Just a quick update on the pilot who was found guilty last November of four counts of criminal negligence causing bodily harm, one count of criminal negligence causing death and dangerous operation of an aircraft.
Sentence expected Thursday for pilot in fatal Winnipeg crash
Last Updated: Wednesday, March 19, 2008 | 1:52 PM CT
A Winnipeg judge will hand down her sentence Thursday in the case of a pilot convicted of criminal negligence after he crash-landed his plane on a high-traffic Winnipeg intersection in 2002, killing one man and hurting several others.
Calgary-based commercial pilot Mark Tayfel was found guilty last November of four counts of criminal negligence causing bodily harm, one count of criminal negligence causing death and dangerous operation of an aircraft.
The Crown and defence in his case made sentencing arguments in Court of Queen's Bench on Tuesday morning.
Tayfel also spoke, making an emotional apology to the passengers of the Keystone Air flight six years ago. With a trembling voice, he said he was responsible for getting them back to Winnipeg safely, and he failed to do that.
He said he was deeply saddened when he heard of the death of one of the men several months later, describing it as the "worst news ever."
Tayfel described how difficult the last six years have been for him and his family, including his new wife, although he acknowledged the pain of the passengers' families have been surely worse.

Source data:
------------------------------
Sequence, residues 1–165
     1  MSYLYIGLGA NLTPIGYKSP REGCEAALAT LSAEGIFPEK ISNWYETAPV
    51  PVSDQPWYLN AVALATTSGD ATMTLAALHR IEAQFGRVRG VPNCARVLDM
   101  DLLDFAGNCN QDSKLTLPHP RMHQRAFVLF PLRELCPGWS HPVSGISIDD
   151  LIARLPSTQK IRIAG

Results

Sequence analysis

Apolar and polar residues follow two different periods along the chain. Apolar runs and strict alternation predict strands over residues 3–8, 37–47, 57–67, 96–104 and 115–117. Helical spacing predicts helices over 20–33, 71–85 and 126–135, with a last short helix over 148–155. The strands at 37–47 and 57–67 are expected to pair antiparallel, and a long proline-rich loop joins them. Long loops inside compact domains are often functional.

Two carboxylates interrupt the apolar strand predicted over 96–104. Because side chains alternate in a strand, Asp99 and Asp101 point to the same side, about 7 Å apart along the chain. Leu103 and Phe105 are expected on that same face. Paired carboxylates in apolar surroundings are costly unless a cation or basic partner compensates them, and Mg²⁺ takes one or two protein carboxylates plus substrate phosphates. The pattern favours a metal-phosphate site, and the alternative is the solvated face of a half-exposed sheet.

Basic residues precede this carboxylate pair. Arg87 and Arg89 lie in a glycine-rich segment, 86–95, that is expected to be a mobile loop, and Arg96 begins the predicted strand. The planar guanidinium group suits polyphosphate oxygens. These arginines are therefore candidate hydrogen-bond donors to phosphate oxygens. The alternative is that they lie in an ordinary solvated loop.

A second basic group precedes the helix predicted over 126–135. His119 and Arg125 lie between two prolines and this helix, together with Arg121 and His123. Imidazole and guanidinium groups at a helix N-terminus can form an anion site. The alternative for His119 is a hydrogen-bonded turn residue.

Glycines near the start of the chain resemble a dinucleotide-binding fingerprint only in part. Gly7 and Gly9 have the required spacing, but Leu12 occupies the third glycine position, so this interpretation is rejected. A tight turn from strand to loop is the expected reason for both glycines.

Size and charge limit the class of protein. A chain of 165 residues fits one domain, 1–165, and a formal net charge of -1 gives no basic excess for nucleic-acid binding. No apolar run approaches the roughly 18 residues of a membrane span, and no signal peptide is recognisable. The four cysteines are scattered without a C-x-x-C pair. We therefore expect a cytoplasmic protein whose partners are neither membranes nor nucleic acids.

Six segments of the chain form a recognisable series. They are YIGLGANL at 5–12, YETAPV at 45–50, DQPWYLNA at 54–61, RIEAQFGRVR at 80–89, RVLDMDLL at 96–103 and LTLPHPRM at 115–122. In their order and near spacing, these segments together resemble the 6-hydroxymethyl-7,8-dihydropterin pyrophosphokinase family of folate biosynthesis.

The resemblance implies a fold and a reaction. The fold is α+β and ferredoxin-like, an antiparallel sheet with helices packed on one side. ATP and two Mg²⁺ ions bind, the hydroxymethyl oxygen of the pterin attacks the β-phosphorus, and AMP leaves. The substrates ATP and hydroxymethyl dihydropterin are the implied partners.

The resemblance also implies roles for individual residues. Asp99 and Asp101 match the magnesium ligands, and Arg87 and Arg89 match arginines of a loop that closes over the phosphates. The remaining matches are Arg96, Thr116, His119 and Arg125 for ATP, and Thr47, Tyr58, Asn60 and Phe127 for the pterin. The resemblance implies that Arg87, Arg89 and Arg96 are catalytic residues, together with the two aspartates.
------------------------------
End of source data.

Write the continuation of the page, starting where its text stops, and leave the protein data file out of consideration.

He said he doubted he would fly again.
Crown attorney Brian Wilford asked for a sentence of "real jail time" for what he described as Tayfel's "utter disregard for his passengers' safety."
But defence lawyer Balfour Derr argued that Tayfel does not deserve jail time, saying he has already been punished enough. A suspended sentence with probation or house arrest would be more appropriate, he said.
Tayfel could use his experiences to teach student pilots about the risks and pressures associated with flying for small companies, Derr said.
Tayfel, 42, had been flying six American fishermen from a remote Manitoba fishing lodge on June 11, 2002, when his twin-engine plane ran out of fuel.
Both engines cut out shortly after he missed the runway on his first attempt to land at Winnipeg's airport, and the plane eventually came to a rest in the middle of McPhillips Street and Logan Avenue, a busy downtown Winnipeg intersection.
Passenger Chester Jones, 79, died from his injuries in hospital several weeks after the crash.
Counter to Tayfel's claims that he should not have been held responsible for what happened, Justice Holly Beard concluded in November that he made too many misjudgments and showed a reckless disregard for the lives of others.
He miscalculated the amount of fuel needed given the weather conditions and also decided to press on with the flight despite being aware of the possibility that the Piper Navajo aircraft was not equipped with a mandatory auto-pilot system, she ruled.
Any thoughts on what the judge should do?